As I relate in my Watson Returning Fellows’ Conference post, I visited Kumamoto, the epicenter of Japan’s huge earthquakes in mid-April, about three weeks into their rebuilding process. Rather than burying pictures at the bottom of that post, I wanted to dedicate a separate space to pictures from my meanderings around the city. First, an excerpt from the aforementioned post:
May 9, 2016, Yokohama, Japan
…[M]y visit to Kumamoto, the epicenter of Japan’s huge earthquakes three weeks ago in mid-April, was so powerful. It reflected the reality of a Japan where rebuilding is a common event, where resilient infrastructure has innumerable value. The earthquake had caused major power cuts, gas leaks, and water shortages in Kumamoto, and train and plane services to Kumamoto were stopped for a while. Since Kumamoto is on the Japanese island of Kyushu, it was then basically isolated form the mainland. The rebuilding was well underway by the time I visited – the utilities were back and train services had been restored a few days before my visit – but there was still a lot to do. As I walked around the city, I saw many modern buildings with visible cracks in their foundations, shattered windows, or red “unsafe” inspection signs. I saw older houses, small cottages with grass roofs, caved in like crushed cake frosting. I saw trash piled up three weeks deep, a mix of normal waste and cleanup debris that the city trash services simply couldn’t handle.
To me, though, what was more interesting than observing the infrastructure was observing the people. I saw community. I saw volunteers in the city center serving food. I saw trash trucks from other cities including Kyoto, sent by these other cities to help clean up. I saw temporary vendors in a main market, presumably set up there because their normal buildings were unfit for use. The result was a juxtaposition of permanent shops, closed-off buildings, and stalls with cardboard boxes piled behind them. In this market, I saw lots of people walking around, hanging out, shopping. They were smiling, socializing, and coming together as a community… I saw a city moving on and moving forward.
And now, some pictures:
Wow! I can’t believe I’m back in the US after a year of traveling. I landed in Boston on July 29, flying from Santiago de Chile with a layover in Atlanta. A lot of people have asked me what my first meal was after landing in the US, so to answer the question, it was a spinach, mushroom, and Swiss egg sandwich from Einstein Bros. Bagels. My first “real” meal was atukula, home-made by my loving mother.
Shortly after landing, on August 1, I headed to Bar Harbor for the Watson Fellowship conference. I had an amazing time. The conference involved a fancy welcome dinner and then two full days of breakout sessions, Fellow presentations, and deep conversations with other Fellows during breaks/late into the nights. I really appreciated the sense of community I found among the other Watson Fellows. Although our projects were all very different, we had many shared experiences, and it was great to discuss the ups and downs of my year with people who just “got it.”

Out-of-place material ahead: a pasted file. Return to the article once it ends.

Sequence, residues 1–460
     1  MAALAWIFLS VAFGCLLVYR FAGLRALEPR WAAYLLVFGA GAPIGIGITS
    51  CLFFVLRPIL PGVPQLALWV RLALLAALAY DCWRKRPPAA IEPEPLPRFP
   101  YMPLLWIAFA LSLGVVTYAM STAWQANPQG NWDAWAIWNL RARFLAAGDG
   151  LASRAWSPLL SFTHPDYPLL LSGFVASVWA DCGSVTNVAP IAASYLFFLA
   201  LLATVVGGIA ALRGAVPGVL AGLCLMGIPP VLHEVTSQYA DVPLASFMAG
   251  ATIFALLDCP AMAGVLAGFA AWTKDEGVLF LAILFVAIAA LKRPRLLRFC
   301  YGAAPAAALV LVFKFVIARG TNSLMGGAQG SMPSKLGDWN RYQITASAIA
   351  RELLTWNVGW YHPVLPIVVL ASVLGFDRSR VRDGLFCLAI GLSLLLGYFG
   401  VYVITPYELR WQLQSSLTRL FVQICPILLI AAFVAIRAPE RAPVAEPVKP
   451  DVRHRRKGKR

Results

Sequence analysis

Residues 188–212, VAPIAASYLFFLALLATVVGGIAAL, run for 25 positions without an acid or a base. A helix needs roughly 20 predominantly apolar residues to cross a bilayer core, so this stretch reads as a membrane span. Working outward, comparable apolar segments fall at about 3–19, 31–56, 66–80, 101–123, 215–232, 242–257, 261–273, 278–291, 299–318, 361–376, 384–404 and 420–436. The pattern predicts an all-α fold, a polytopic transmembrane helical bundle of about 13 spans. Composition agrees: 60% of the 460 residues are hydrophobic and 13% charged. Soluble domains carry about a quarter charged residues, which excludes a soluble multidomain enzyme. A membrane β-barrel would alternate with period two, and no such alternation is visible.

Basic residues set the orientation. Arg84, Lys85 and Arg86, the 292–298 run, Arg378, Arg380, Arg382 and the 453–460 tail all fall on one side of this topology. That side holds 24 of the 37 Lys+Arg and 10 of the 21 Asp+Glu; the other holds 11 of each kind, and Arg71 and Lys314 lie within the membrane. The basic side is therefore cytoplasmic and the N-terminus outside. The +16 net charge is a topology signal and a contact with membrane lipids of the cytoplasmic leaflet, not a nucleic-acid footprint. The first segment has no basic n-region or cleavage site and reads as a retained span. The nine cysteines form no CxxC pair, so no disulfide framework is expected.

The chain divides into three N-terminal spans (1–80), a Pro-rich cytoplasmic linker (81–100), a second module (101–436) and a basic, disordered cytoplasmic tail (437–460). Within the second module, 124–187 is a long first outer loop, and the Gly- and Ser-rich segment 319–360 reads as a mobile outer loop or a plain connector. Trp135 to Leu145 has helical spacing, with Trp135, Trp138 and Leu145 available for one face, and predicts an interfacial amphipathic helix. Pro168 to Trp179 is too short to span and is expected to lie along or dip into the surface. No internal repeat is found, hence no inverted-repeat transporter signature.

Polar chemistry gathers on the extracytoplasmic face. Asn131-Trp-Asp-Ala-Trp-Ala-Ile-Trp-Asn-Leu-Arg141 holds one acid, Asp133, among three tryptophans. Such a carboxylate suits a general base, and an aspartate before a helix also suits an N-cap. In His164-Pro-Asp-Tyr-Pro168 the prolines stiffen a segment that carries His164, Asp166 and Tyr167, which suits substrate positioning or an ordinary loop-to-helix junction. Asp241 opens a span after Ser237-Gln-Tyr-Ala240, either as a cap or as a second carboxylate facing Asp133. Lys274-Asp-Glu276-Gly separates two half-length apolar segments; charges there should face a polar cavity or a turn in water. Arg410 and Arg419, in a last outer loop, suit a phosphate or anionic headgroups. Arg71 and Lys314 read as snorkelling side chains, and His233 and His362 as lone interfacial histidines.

During the conference, I gave a ten-minute presentation about my project. From the Watson Fellows’ Guide, “Obviously, one cannot convey the entirety of a whole year’s experience in such a short period of time. One can, however, share a meaningful piece of it… This is not a business powerpoint presentation, but an opportunity to share your experience with each other from your unique perspective.” In the spirit these guidelines, I decided to tell two stories that illustrated my experience. You’ve seen one of these before (in this post) and the other one is new. For those interested, the text of my presentation is below. Enjoy!
On April 11, I met with Dr. Kaoru Yamaguchi at the Institute of Energy and Economics Japan (IEEJ). Dr. Yamaguchi is a Senior Research Fellow and Assistant Director of IEEJ’s New and Renewable Energy & International Cooperation Unit. He also moderated a panel on the Integration of Smart Grids and Renewables at the International Smart Grid Action Network (ISGAN) Public Workshop in Yokohama last month. Dr. Yamaguchi shared some of his thoughts on Japanese Smart Grids and Smart Communities with me.
Hello friends, and greetings from Yokohama! I’ve been in Japan for a little over three weeks now, but in many ways it still feels like I’m barely getting started. I just got my Japan Rail Pass (which gives me unlimited travel on Japan’s major railway network), so I’m excited to travel around the country and generally “embark” on this chapter of my Watson journey.
In addition to doing some sightseeing, I’ve done some reading and conducted a few interviews during the last few weeks. I’ll start publishing some interview writeups shortly, but first, here’s some relevant background about Japan’s Smart Grids and power sector.